Hugh McGrandle

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Hugh McGrandle, ALS
Known for Also an Ontario Land Surveyor and Dominion Land Surveyor

Hugh McGrandle passed away in the General Hospital at Wetaskiwin, Alberta, on July 6th, 1928, an outstanding surveyor and pioneer.

Hugh McGrandle was the seventh child of Samuel McGrandle and his wife, Matilda, and was born on a farm near Arundel, Quebec, on March 12th, 1857. His father, Samuel McGrandle, came out from Scotland in the year 1838, and settled near Arundel in the County of Argenteiul, Que., where he married Matilda Wilson, Hugh's mother, who died in 1857.

His father, Samuel, afterwards married Elizabeth McIntyre, by whom he had twelve additional children. The father moved with his family to Ontario about the year 1863, and settled near Listowel, Perth County.

Hugh, the subject of this sketch, was educated at Rockwood Academy, Rockwood, Ontario, and at the School of Practical Science, Toronto, and served under articles for three years as a surveyor with the late Hugh Wilson, PLS, of Mount Forest. During his apprenticeship he assisted in surveys of roads and townsites in Ontario, and in the Lower Ottawa Valley, and spent one season (1881) on government work in North-West Territory. He qualified as a Provincial Land Surveyor for Ontario on January 5th, 1883, and as a Dominion Land Surveyor shortly afterwards. He laid out the townsite of Huntsville, Ontario, of which he became a resident, and made many surveys in the vicinity of timber limits for J.R. Booth and Hamilton Brothers in the townships of Chaffey and Brunel.

In May 1890, he married Helen Robina Foote, daughter of Dr. Jonathan Foote, of Brooklyn, New York, a noted physician, of his day.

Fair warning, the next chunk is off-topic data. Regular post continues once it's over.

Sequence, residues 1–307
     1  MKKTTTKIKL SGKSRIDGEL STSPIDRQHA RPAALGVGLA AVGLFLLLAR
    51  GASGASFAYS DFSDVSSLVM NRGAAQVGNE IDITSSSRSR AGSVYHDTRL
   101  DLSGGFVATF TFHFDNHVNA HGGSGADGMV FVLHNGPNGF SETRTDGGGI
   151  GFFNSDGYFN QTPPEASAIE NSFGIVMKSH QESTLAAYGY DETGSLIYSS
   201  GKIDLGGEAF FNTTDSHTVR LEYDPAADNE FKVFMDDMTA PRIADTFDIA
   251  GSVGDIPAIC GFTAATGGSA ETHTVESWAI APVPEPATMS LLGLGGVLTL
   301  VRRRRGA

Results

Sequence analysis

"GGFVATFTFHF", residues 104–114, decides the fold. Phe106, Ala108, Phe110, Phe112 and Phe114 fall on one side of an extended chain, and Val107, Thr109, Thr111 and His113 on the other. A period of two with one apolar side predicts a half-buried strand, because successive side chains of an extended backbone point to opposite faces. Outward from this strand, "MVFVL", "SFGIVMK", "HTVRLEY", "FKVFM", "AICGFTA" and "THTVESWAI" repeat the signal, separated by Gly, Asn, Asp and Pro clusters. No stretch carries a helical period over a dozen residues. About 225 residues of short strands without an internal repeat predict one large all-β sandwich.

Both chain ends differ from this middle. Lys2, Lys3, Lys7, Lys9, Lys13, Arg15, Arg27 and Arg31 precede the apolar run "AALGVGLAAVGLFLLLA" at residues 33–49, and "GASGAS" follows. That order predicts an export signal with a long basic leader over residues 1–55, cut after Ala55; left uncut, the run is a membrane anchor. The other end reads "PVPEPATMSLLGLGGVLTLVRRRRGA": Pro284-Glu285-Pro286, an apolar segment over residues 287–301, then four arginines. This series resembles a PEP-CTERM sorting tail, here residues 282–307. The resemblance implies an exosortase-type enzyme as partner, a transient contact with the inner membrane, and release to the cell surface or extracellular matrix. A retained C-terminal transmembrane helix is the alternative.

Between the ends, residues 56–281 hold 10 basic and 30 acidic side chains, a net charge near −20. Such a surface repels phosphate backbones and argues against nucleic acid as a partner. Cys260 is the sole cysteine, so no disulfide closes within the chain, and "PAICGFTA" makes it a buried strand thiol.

The children of Hugh and Helen McGandle, all born in Huntsville, Ontario were: (1) William J. McGrandle, born November 12th, 1892. (2) Hugh McGrandle Jr., born March 28th, 1897. (3) Nora McGrandle, born July 18th, 1902.

After his marriage Hugh McGrandle continued to make surveys in Muskoka and Parry Sound districts, with township subdivisions in the West each season. About the year 1900 he surveyed and laid out the shortest standard gauge commercial passenger railway in Canada, "The Huntsville and Lake of Bays Railway," at the portage dividing Peninsular Lake from Lake of Bays. This railway is slightly over one mile in length, and a "switch-back" had to be used in order to overcome the difference of level of about 100 feet. The motive power consists of two "dinky" locomotives, formerly used in logging operations, a converted Toronto Street Railway car for passengers, and a small box car for freight and baggage. Both locomotives are required to haul the "train'" of two cars, known as "The Hot Tamali Limited."

On the death of his wife in 1902, Hugh McGrandle left Huntsville with his family and located at Wetaskiwin, Alberta, where he carried on until about 1915 with general surveys locally, and with topographical contracts from the Dominion Government in the Medicine Hat, Battle River, Pigeon Lake, Athabasca Landing, Smoky Lake, Pembina River, McLeod River, Jasper Park, Wolf Creek, Brazeau River, and Embarras River Districts. He also, during this period, laid out practically all townsites between Wetaskiwin and Hardisty on the Edmonton-Saskatoon line of railway.

In carrying out the government work he had many narrow escapes from death. In an attempt to cross the Embarras River during high water on a small raft of three logs, the raft broke up and he was carried, clinging to one log, through the rapids and landed two miles below, in a badly bruised condition. North of Athabasca Landing, in 1907, he was badly mauled by an enraged bear, and only by feigning death did he manage to escape. Transportation was almost wholly dependent on jack-horses as wagon roads seldom extended nearer than twenty miles to the survey location, and he had many fights with forest fires for day after day, felling trees, trench digging and backfiring, in an attempt to arrest the progress of the flames.

Hugh McGrandle was a member of Unity Lodge, AF and AM, of Huntsville, a member of the Alberta Old Timers' Association", a Director and Shareholder of the "Westaskiwin Co-operative Trading Co.," and owner of "Coulee Ranch" a 580-acre fertile farm three miles east of Westaskiwin.

He passed away in his 72nd year, after two years failing health, and two serious operations. His body was taken to Huntsville by his son, Hugh, and there met by his elder son William, who had flown from Ottawa, where he was then stationed. Burial took place in the family plot in St. Andrew's Cemetery, Huntsville, next to the remains of Helen, his wife.

A.P. Walker, OLS